On Wednesday, the CCO’s very own Tom U gave the fourth of a five-week series of interviews talking minor league prospects with South Bend Cubs play-by-play man Darin Pritchett and Rick Carter on WSBT in South Bend’s Sportsbeat program. This past Wednesday’s program addressed the pitching prospects in the Cubs’ system. Here are excerpts from that interview.
Darin Pritchett: I’m looking forward to this conversation, because, a lot of people have been saying for some time “when is the pitching coming, now, in the Cubs’ organization. We’ve seen all the hitters, what about the pitching?” Well, I think you’re about to find out that there are really some interesting players that are starting to develop, and a couple of those probably will show up in South Bend this year, but Tom, let’s start with Pierce Johnson. He was a young man that was taken 43rd overall by the Cubs in 2012. The last two years, he got 33 Double-A starts under his belt, and you love the ERA, .231. He’s always been considered a prospect in the Cubs organization. How would you assess his progress, and how close is he to possibly impacting the Chicago Cubs at Wrigley Field?
Tom Usiak: As far as Pierce Johnson goes, there‘s a lot that you see in him that you like. He’s a big, tall pitcher who throws with a very good downward plane. He gets his fastball up into the mid-90s, along with a slider and change-up combination. He usually is able to mix those pitches pretty well. You see a really good ERA last year with him, 2.08 when he was pitching with Tennessee. The big problem that we have with Pierce Johnson is that he has been dinged up a little bit. There have been injures past two years, with hamstring and lat injuries. They have also seemed to linger a little bit. What concerns you a little about some those things are that those are preventable injuries. Those are injuries that usually come when somebody may be neglecting their training a little bit. So, that’s what the big concern is about Pierce Johnson: whether he has matured enough to be prepared in order to make those next big steps, which are going to be up to Triple-A. And hopefully, he can make some sort of impact toward the end of the season at the Major League level.
Rick Carter: Right-hander Duane Underwood was also drafted in 2012. He’s moved up to number four in the Cubs’ top prospects. Where is he now? He hasn’t pitched past Single-A. Is he in a position where he can rocket through the organization? What does he need to do if that happens?
TU: Rick, one of the old saying is “when pitching is ready, it can be ready in a hurry.” That was the way Duane Underwood was looking last year when he started the season. He started out really hot, but then he got shut down toward the middle of the season. There was a little bit of arm concern with him. So, they were very preventative with Duane Underwood, they shut him down for a while. He came, back and was able to pitch well through the playoffs. He did very well with Myrtle Beach last year; he pitched 14 starts with them and had a 2.58 ERA. He didn’t have as many strikeouts as you would like to see. However, the organization wanted him concentrating on making sure he was attacking the strike zone and not necessarily looking to strike out batters. And there is a big difference between those two. With him getting the ball into the strike zone, it was going to get hit a little bit. But he had one of the best defenses in all of minor league baseball behind him to help pick him up with some of that. So he learned a little bit more about being a pitcher last year, and was less a thrower. Duane Underwood, one of the things you have to say about him and his stuff is “easy heat” is what we have always heard about him. He throws in the mid-90s and maybe in a little bit of the upper-90s, but it doesn’t appear like he is throwing that way. So he can really lull the hitters to sleep with some of his stuff.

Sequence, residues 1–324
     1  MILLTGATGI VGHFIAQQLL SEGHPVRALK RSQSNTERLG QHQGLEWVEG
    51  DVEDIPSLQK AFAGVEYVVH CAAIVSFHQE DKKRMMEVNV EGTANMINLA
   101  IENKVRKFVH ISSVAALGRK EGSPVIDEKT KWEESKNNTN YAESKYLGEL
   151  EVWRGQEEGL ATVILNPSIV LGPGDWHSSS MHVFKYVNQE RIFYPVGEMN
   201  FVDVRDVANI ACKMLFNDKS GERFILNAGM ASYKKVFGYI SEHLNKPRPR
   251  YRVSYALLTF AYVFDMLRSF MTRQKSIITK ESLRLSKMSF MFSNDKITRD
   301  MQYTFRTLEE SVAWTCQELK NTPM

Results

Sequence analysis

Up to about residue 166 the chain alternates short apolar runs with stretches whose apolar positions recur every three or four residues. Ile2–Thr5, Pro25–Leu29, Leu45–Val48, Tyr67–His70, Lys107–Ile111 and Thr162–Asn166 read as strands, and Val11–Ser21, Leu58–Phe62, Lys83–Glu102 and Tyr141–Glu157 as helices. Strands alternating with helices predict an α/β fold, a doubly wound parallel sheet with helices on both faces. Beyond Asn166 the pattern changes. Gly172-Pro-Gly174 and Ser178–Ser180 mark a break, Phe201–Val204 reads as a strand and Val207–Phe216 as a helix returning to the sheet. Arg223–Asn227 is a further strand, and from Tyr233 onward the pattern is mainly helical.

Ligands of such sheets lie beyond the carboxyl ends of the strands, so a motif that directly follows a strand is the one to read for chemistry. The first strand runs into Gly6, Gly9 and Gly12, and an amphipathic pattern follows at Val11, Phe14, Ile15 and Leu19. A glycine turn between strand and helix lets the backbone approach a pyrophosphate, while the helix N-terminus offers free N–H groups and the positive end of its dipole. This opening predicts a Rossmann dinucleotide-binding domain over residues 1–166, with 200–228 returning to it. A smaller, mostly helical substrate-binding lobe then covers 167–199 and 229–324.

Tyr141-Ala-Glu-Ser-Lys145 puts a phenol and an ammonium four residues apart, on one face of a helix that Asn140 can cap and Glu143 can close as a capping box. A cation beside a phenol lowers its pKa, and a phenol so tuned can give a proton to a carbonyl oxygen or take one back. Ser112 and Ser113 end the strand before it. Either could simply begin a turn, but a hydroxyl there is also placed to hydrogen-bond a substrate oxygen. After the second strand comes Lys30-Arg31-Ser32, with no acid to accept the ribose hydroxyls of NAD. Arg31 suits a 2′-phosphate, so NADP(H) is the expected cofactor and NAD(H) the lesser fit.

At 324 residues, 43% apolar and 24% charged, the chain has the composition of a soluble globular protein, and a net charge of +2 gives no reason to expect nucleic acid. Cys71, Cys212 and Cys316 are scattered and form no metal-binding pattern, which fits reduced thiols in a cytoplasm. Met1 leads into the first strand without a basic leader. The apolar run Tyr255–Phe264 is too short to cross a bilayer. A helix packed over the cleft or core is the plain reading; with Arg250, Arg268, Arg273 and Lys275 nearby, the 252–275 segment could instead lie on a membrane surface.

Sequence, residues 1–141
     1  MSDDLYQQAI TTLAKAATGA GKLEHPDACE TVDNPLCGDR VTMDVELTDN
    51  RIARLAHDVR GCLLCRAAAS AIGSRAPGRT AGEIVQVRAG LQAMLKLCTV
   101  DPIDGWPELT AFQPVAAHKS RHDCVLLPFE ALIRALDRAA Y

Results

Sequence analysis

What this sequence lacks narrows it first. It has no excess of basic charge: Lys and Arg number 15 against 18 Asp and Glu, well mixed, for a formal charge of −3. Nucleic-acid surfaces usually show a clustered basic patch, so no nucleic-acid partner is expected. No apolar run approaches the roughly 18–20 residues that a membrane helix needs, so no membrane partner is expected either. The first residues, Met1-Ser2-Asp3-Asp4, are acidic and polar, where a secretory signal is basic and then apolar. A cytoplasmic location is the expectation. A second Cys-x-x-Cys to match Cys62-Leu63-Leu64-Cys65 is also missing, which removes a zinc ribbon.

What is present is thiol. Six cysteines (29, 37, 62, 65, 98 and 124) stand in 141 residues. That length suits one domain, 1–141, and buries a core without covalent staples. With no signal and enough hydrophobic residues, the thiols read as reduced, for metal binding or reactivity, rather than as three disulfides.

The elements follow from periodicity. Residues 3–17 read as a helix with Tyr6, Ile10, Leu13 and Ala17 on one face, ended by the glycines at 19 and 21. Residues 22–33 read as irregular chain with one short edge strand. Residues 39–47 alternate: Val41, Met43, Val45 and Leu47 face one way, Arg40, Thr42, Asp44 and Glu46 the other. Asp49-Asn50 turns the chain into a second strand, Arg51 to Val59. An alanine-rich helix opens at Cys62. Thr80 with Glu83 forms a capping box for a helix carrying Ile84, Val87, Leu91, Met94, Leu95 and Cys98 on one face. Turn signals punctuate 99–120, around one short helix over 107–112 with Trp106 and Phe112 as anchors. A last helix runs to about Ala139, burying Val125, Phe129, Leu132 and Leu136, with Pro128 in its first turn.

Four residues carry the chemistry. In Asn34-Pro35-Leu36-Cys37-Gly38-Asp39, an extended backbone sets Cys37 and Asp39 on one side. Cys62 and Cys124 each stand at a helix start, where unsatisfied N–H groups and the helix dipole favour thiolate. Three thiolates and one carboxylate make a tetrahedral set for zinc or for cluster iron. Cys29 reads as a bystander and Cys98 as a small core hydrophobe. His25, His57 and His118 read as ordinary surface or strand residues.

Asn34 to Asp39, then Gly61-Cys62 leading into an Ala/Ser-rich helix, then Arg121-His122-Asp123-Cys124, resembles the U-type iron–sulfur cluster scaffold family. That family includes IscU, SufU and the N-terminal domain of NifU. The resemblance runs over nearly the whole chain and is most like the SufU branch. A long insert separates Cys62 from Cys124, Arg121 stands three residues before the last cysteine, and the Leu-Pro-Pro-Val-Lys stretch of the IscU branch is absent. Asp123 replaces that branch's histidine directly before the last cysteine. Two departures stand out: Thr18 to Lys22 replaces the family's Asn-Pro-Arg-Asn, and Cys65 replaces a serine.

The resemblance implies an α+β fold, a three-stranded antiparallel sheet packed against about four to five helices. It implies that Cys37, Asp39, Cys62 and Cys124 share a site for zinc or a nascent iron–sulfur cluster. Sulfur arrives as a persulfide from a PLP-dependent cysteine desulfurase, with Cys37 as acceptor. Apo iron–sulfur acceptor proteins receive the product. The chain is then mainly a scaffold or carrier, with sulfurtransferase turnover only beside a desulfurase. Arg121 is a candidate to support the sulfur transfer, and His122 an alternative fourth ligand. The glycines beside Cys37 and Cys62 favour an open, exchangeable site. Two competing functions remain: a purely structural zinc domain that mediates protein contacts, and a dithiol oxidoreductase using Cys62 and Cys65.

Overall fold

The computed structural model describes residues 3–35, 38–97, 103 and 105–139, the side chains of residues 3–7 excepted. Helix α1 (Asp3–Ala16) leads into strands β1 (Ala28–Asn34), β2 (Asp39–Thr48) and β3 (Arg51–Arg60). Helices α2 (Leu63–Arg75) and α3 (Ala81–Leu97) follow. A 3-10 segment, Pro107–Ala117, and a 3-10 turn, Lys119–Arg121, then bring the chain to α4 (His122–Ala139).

DP: We need to start turning our attention to South Bend, because South Bend could be the home of some of the elite prospects in the Cubs’ system this year. Let me start with Oscar De La Cruz. Dominican Republic. Twenty years old. A big kid. I like the strikeout-per-inning at Short Season Eugene. And, I have to admit, I have already done a dynasty baseball Rookie League draft and I took Oscar De La Cruz, because, listening to a lot of people talk about him, and reading about him. He appears to be one of those guys, Tom that could turn out to be a one or a two starter if he continues to mature at the level that he is already at now. How would you assess De La Cruz right now, and what do you believe his upside is?
TU: I believe De La Cruz has got a very large upside as far as, like you said, being a one or a two starter. Last season, when we were finishing our ranking of all the players through the organization, I reached out to and I talked to Matt Dompe, who is the play-by-play man for the Eugene Emeralds, and asked him for a little bit of a scouting report on De La Cruz. And his comp was very reminiscent to Orioles pitcher Ubaldo Jimenez. A very big pitcher with a very nice fastball-curve combination, and we saw that in the Northwest League last year. He was second in the league with 73 strikeouts, but he also led the league with a WHIP of 1.00. So, there is a pitcher who is a big strikeout pitcher, but again to knows enough about pitching so that way he can cut down on his walks and limit the opposition a little bit more. He’s still a little bit aggressive. Jason McLeod, just the other day, was talking about him, and saying that they have to kind of curb his aggressiveness a little bit. But at 6-foot-4, 6-foot-5, and now they are listing him at somewhere near 235 pounds, he has that classic number one or number two starter build.
DP: Let’s move to Justin Steele, another player that could be starting in the South Bend rotation this year. I don’t know as much about this guy. Give me your sense of what Steele could be all about as he continues to grow.